“Nike is always looking to the future”, mentions Mitch Morse, “so we decided an appropriate year for the car and its technologies would be the company’s 50 year anniversary 2022”. “You never know what Nike is capable of in that amount of time,” adds Asano. “The innovative drive train, HMAW Hubless-Motor-As-Wheel, AST Asymmetric Section Tires, Carbon Fiber-Titanium Weave Venturi Chassis, all leverage the near future,” explains Frank. “When you are working in a blue sky environment it is always important to have one foot in reality and the other one as far forward as possible” he adds.
Once the conceptual idea and aesthetic design of the Nike ONE were underway, Frank developed the 3D data for the car in the CAD program Rhinoceros. This data was used to create a number of 1:18 scale physical models for evaluation off of the computer screen prior to final sign off. This data was then given to Polyphony, where they began programming the dynamics of the car down to its 750kg weight, 8 stage drive train, active aerodynamics, suspension geometry, acceleration and braking.
The talents of 2003/2004 Japanese GTC Champion Satoshi Motoyama were enlisted for the hours of tuning of the vehicle, another first in virtual product development. The Saleen S7 was used as the competitive benchmark for handling performance, but at the same time the vehicle was tuned to be a great car for mastering the fundamentals of sports car driving. “It is tuned for agility,” explains Asano, “Motoyama is able to beat his Saleen S7 lap times at Fuji Speedway in the Nike ONE”. “But it does take time to achieve these levels,” adds Frank, “the secret is the more you train with the car the faster your potential”.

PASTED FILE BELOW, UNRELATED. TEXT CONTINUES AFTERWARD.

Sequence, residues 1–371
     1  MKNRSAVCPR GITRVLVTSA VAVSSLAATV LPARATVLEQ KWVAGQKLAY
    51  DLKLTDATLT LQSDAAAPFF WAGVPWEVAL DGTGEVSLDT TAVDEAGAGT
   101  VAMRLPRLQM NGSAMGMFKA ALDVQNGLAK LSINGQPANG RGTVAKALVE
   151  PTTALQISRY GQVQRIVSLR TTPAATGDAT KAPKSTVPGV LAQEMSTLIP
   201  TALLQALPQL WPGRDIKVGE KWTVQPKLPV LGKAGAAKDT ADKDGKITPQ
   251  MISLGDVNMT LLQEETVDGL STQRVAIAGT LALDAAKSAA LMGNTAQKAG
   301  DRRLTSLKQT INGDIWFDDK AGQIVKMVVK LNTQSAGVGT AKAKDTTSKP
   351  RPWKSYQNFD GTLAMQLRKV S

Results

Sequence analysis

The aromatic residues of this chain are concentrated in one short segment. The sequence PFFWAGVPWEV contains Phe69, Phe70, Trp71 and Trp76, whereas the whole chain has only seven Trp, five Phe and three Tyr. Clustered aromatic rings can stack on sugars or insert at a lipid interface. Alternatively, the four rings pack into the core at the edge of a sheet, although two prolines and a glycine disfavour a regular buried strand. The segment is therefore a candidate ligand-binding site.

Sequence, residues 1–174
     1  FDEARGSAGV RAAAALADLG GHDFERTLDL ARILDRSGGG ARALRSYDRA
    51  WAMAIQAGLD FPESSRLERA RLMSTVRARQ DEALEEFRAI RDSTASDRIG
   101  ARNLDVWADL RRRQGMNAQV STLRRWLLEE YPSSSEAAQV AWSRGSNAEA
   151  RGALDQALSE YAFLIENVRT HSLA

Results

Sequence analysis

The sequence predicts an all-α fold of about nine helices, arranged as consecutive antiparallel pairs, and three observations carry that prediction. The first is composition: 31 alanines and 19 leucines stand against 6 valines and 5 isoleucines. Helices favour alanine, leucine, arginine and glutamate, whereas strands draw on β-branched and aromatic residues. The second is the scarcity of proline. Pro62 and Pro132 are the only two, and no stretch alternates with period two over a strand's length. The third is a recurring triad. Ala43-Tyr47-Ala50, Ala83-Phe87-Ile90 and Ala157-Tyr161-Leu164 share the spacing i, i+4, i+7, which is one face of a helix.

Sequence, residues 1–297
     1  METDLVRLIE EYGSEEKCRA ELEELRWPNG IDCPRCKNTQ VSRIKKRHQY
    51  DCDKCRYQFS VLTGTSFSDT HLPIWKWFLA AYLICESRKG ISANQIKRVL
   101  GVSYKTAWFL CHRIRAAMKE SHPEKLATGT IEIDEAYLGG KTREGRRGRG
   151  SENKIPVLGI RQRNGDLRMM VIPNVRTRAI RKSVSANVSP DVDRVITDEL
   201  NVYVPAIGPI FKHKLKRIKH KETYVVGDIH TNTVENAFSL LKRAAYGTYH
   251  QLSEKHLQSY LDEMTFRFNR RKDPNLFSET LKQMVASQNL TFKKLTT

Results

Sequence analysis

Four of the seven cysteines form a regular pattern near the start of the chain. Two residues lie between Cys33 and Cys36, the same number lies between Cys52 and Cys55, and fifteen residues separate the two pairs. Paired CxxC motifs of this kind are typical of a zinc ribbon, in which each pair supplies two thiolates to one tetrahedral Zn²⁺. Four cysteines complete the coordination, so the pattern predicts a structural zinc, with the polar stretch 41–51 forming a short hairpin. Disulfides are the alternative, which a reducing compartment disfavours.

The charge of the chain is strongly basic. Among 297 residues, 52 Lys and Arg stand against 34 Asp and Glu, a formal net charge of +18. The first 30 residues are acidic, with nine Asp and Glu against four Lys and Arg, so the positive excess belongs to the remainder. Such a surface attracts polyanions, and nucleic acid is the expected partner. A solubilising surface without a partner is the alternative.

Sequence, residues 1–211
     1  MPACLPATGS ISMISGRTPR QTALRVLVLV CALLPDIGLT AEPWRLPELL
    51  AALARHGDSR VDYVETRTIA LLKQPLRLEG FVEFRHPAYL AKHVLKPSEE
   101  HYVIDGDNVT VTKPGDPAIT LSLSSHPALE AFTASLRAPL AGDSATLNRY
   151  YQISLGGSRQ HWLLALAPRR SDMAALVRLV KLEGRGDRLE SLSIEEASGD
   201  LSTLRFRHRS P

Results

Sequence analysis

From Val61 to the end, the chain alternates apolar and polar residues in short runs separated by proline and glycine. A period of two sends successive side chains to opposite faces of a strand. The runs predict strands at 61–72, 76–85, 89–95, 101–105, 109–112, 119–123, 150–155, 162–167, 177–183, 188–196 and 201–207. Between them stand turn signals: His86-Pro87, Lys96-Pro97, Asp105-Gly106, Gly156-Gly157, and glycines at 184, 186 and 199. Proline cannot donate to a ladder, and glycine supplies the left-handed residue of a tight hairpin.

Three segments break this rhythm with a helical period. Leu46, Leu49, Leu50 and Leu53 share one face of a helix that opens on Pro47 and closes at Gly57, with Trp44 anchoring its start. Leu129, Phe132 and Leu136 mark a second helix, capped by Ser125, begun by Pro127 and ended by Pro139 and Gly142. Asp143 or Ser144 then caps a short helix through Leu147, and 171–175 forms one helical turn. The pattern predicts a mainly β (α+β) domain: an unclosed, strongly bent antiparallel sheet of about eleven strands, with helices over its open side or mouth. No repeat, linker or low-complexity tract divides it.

“The incredible thing about the Nike ONE is that it is the first virtual “real” concept car”, points out Asano, “a huge amount of development time went into this endeavor, just like a real car”. “From the concept sketches, to the CAD, to the models, to the testing, the only thing that separates this car from reality is that it is we haven’t made one yet”, notes Frank. “Well that and 20 years”, he adds with a laugh.
We always wanted to have a car like Caterham, but the one and only thing that came to our minds by looking at it was that this car would have been better with roof, 400 horsepower and more luxury. So all the prayers have been answered and the IFR has come up with an all-new Aspid with roof in which two engines will be available and a naturally aspirated 2.0-liter producing 270 hp, or a 400-hp turbocharged version of the same mill. This light weight carbon fiber structure whose power will be sent to the rear wheels via a six-speed manual gearbox and a limited-slip differential to get that 400 horsepower.